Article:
Walks With Benji

I really do miss my car! Benji & I could travel to places further afeild for our daily walk. Now we just have our local walks. I could take him on the bus but with his age now (15 years) don’t want to do that. Benji is very happy just to potter around.

We live on a hill and to get into our ‘country’ or ‘small park’ walk go up the hill again. Hence he finds it a bit of a drag, to say the least. Yet once into the woodland path he’s fine. I now take him off the lead and he runs’free’. He does not run off as he knows I’ve ‘treats’ in my pocket. On one side of the path there is a couple of fields with horses in. We have, in the evening, seen a couple of rabbits

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Carpunel Tunnel Op./ Benji

Its been a while since last I blogged. Was life telling me to take a break?

I have not been on the computer for a long while, hence now I hope to be going on more often.

I am still enjoying my garden, enjoying Benji my dog and living in my new home.

In a nutshell I have battled with a variety of ailments (but not got me down). Recently have had an operation on my left hand (Carpunnel Tunnel).

What an exprience. It was done under a local anesthetic takeing 20 minutes. I chatted non-stop for the time. My hand was well bandaged and now I could only use 1 hand.

Before-hand I realized and prepared myself, such as unscrewing bottles and jars, getting in lots of ready meals. I found dressing difficult as with washing and all the other household chores AND I COULD NOT DO KNITTING! This reall I missed but went on to reading .This all continued for 4 weeks. Now in my 5th week. The scar healing, the hand getting more active, no drssings on. ( they came off in the 4th week) Next week I go for the check up. The site has been sore.pricking but other than that its been fine.

Benji is now into his 16th year. June he had his 15th birthday. His company and character are delightful to be with. Loves visiting his friend “Tizzy” and staying at her house when I go away. Benji now walks off the lead in safe places and always comes back. When not out on his walks he will spend time sleeping in his chair.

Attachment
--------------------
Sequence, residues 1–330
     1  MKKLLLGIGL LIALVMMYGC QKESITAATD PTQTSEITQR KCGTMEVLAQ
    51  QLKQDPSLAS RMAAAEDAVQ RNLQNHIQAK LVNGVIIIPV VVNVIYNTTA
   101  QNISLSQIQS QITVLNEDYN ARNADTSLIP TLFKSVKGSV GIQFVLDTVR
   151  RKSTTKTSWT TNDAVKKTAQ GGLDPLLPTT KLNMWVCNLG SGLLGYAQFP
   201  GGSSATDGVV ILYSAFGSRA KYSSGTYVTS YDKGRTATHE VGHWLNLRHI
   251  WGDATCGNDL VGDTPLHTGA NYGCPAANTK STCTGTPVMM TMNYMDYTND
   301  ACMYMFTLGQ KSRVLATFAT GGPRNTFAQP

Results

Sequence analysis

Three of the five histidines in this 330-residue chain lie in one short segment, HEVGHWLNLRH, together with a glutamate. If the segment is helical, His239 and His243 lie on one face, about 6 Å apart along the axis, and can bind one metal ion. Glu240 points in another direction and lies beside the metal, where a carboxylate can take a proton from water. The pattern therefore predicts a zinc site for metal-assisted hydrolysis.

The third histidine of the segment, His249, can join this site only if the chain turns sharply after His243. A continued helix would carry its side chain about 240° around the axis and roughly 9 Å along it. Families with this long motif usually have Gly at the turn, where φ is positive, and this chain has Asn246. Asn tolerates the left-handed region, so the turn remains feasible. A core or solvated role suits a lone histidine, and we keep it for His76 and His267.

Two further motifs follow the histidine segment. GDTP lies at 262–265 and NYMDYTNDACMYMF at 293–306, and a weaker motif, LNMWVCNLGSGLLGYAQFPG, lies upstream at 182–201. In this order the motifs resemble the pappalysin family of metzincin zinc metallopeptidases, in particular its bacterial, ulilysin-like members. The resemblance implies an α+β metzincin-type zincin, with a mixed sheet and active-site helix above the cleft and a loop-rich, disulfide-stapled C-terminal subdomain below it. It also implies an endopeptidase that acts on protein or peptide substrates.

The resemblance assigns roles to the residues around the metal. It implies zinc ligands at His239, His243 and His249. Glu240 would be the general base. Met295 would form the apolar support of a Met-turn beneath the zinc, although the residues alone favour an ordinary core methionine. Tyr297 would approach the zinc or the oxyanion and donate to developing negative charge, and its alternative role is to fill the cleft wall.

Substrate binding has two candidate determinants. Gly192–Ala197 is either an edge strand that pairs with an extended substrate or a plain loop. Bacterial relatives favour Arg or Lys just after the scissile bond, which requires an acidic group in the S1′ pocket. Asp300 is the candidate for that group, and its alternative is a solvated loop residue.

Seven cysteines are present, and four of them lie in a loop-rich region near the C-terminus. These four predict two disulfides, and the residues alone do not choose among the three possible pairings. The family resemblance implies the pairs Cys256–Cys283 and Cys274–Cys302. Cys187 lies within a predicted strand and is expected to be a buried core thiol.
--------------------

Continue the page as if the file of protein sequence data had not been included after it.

I do not have the car now as last year it needed expensive repairs and so I decided to stop driving. Very sad as I do miss it but I do find ways round getting out and about. Shopping I do on line, trips to places around Nneath I travel on the bus. I do not take Benji on the bus.

My garden is now how I like it and during our hot weather have spent time enjoying it.

I will now try and load some photos up!  to share some with you all.

20190531_110326          20190326_162144          20190717_094629

Benji in the Garden              Benji and his new Harness         Sweet Peas 2nd flowering




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Knitting Photos

Earlier in the year I decided to crochet in ‘TUNISIAN’ a scarf for myself. It was done in chunky wool.

Well now Benji was telling me ‘Mum, can I have a new warm coat.

 new coat Benji

Now how can I refuse. Having recently been to the groomers, his coat very short and the weather still cold, I decided with the left over wool from my scarf  would do nicely as well I would put a crochet blue border around – blue for boys.

Benji new coat


He was very pleased as you can see by the photos.   Now we both match when  going for walks.

Here are my most recent baby knits for the charities we support at my Friday group. These can be knitted easily as they are ‘all in one’

blue baby cardi          pink baby cardi

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Knitting with wool


What can be more colourful than a grand display of various colours and weights in wool. In the Swansea Market there is a cafe wher I go for a cuppa and as I sit enjoying my coffe for something to eat my eyes will gaze at this amazing sight. Below – left Knitted, right Crochet Worry Monsters


These 2 Worry Monsters have just been finished for a charity scheme in Yorkshire who will distribute them to the ‘therapists’ working with children who have suffered abuse, bereavement and any other serious problems.

The charity have the patterns on their website, for the Worry Monsters and Worry Puppets.

Our Friday Knit & Natter group have been making, in the autumn, hats and scarves of various sizes  for other charity groups who collect and distribute to all those in needy of a variety of items. We also have a soft spot for our local Homeless people. These we are able to go the the collection point in Swansea. When the meeting commenced in January we all knitted 8” squares which were sewn up by one of our ladies, and we produced a large blanket.